During the 16th and 17th centuries science received renewed attention and scrutiny from wealthy patrons and their respective scholars. It was the scientific revolution, and old-world views were quickly being displaced by more reasoned and experimentally tested principles. Francis Bacon wholeheartedly embraced this revolution and added his own ideas to the growing body of experimental knowledge.
Francis Bacon, as did many of his contemporary scholars and philosophers, chose to share his thoughts through novels and essays. His ideas were in many ways an evolutionary step in the study of the natural philosophies. To fully understand this concept, it is important that we understand the origins of the Scientific Revolution. The Scientific Revolution was a result of the Renaissance and the cultural revival that it brought. Ancient texts by Greek philosophers, as well as Islamic medical and scientific texts, were rediscovered and translated (A History Of Modern Society, 520-521). Out of this environment was born the experimental method. This method of inquiry set standards for ways to measure and observe the natural world through testing and experimentation rather than speculation. Great scientists, such as Galileo Galilei, Isaac Newton and Johannes Kepler began to show Europe how the world was rather than how they thought it should be (A History of Modern Society, 524-525).
This then leads us back to Francis Bacon. An English politician and writer, he did much to promote the scientific method that is still the cornerstone of modern scientific inquiry. Specifically, Bacon advocated for direct experimental evidence to support (or refute) hypotheses and rejected the ancient views of Aristotle that favored conjecture and speculation. This was a viewpoint that, while not new, was not wholly accepted in England until after his death. Bacon believed that if a principle was not testable or observable, then the concept couldn’t hold water. Experimentation and cold, hard facts were what defined science for Francis Bacon; speculative reasoning from the time of Aristotle was not concrete or observable, and any ancient axioms should be reexamined and put to the rigors of his “experimental philosophy.” (A History of Western Society, 526-527)
Not all his contemporaries agreed with his ideas. Rene Descartes was a contemporary mathematician of Bacon’s, but he operated almost entirely in the realm of the unobservable. Descartes preferred to take what was naturally obvious and deduce mathematical principles from there. Using this method, he developed the field of analytical geometry, or the application of algebra to shapes (A History of Western Civilization, 526). Rather than being purely observable and testable, his theories were very much deduced through thought and speculation. Neither idea is, by itself, sufficient to meet the modern rigors of the scientific method. However, when combined they are an almost perfect model for the modern scientific community. Bacon’s reliance on concrete observable phenomenon had to be tempered with Descartes’ use of deductive reasoning before the modern experimental method was born.
To learn his ideas of what science should be, one need only turn to Francis Bacon’s “New Atlantis.” It describes what Bacon might have considered to be a model society, a Utopia. In this story, Bacon goes to great lengths to describe the scientific community in Bensalem (this is the name Bacon chooses to give his ‘New Atlantis’). During the course of their stay the Narrator, possibly the Captain, is permitted an audience with the Father of Salomon’s House. In his own words, the goal of Salomon’s House is the “…knowledge of Causes, and secret motions of things…” (Bacon, 71). Here, straight away, it is clear that this Foundation is, above all else, interested in the inner workings of all things. In other words, they are interested in science. This strikes a strong chord, considering that fact that this is Bacon’s idea of Utopia. Clearly, in his Utopia, the governing body is ultimately concerned with the way the world works.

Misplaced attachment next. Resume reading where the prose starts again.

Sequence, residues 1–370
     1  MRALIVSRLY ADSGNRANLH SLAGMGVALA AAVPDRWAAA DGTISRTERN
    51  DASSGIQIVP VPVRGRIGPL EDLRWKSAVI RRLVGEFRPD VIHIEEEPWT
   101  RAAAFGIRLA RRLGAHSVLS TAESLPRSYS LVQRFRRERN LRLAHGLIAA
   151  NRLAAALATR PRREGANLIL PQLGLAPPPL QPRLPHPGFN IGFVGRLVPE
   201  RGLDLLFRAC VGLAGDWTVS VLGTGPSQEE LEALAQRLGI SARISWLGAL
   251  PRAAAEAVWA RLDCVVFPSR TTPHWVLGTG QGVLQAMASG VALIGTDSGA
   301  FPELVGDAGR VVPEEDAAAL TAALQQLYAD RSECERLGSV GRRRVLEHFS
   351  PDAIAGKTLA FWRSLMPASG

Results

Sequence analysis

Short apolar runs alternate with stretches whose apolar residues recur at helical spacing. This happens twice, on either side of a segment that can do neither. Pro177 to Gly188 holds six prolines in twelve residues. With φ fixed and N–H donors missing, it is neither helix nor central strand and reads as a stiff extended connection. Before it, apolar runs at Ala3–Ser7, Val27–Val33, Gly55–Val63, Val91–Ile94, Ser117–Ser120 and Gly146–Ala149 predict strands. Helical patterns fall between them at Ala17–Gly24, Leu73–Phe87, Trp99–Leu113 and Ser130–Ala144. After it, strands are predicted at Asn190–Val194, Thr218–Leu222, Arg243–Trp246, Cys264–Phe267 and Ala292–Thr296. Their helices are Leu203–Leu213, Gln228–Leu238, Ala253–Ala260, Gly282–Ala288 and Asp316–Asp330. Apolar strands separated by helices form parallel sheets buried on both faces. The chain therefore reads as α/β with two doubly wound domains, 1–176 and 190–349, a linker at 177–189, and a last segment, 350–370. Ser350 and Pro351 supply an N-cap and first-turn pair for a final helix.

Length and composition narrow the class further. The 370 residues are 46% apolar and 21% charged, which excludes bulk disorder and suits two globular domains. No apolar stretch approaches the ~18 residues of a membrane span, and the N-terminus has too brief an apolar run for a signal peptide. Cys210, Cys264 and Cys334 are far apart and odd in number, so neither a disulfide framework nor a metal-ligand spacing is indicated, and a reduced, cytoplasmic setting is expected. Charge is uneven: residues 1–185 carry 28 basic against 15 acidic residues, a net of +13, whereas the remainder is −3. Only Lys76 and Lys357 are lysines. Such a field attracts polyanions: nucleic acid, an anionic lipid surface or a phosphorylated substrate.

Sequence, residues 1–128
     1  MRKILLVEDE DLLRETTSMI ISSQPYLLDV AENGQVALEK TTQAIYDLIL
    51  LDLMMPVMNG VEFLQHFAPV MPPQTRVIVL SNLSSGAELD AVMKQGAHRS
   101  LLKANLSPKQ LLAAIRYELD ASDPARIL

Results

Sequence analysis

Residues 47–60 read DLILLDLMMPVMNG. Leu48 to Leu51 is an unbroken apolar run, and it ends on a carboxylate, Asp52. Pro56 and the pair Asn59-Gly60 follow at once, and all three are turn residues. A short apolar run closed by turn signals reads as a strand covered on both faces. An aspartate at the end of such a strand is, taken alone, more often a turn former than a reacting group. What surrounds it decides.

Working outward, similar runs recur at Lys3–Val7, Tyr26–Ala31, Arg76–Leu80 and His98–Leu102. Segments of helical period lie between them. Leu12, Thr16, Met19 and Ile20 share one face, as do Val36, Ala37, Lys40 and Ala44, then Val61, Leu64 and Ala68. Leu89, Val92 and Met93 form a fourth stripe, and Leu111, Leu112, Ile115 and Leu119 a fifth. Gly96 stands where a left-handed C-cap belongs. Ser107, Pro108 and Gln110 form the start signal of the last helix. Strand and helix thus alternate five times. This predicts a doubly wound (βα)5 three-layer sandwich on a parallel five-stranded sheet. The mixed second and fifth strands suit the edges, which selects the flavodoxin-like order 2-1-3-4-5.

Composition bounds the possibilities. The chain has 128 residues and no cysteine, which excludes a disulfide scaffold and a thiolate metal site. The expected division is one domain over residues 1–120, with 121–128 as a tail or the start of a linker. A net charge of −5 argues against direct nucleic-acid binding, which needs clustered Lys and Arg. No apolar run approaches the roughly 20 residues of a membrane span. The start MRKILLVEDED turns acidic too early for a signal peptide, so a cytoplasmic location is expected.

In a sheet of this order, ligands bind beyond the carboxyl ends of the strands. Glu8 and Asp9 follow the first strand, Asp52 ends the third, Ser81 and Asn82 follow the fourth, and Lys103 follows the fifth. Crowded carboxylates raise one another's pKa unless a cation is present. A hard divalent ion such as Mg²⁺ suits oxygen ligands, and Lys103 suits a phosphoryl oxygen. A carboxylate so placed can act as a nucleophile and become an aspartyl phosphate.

This Father of Salomon’s House goes to great lengths to describe the ways and means of their scientific inquiry. For example, he states “We have also parks and inclosures of all sorts of beasts and birds…for dissection and trials; and thereby we may take light what may be wrought upon the body of man” (Bacon, 74). Here we can glean insight into why Bacon believes science is so crucial. The House of Salomon conducts these scientific trials on animals in order to learn more about how the human body functions. This, in turn, leads to a higher quality of life: “We have also certain chambers, which we call Chambers of Health, where we qualify the air as we think good…for the cure of divers diseases…We have also fair and large baths, of several mixtures, for the cure of disease, and the restoring of man’s body for arefaction…” (Bacon, 73). Through these trials, the citizens of Bensalem are able to stay vital and healthy far longer. Bacon was attempting to show his readers what they might gain from a rigorous study of science and nature.
From here, the Father continues to elaborate on all manner of their scientific inquiries and their final results. There are “ordinary” achievements, such as “…divers means, yet unknown to you, of producing of light originally from divers bodies …” (Bacon, 79) or “Imitat[ing] the flight of birds; we have some degrees of flying in the air” (Bacon, 80). “Ordinary” by our standards, yet in 1600 electricity and the light bulb had yet to be discovered, and the first manned flight wasn’t destined to occur for another three centuries. For Bacon, these things were the ultimate scientific goals that he could envision. Now, lest you think that all Bacon’s ideas were practically feasible (after all, birds can fly), let us review some of the more outlandish and perhaps magical achievements of the House Of Salomon. Examples such as “…means to make divers plants rise by mixtures of earths without seeds…” (Bacon 74) and making “…a number of kinds of serpents, worms, flies, fishes, of putrefaction, wherof some are…advanced (in effect) to be perfect creatures” (Bacon, 75). Yes, Bacon is speaking of spontaneous generation, the ancient theory that organisms can arise form nothing. Indeed, he seemed to envision that these scholars had achieved the animation of perfect life from death! Bacon shows us that for him, all things are possible under science.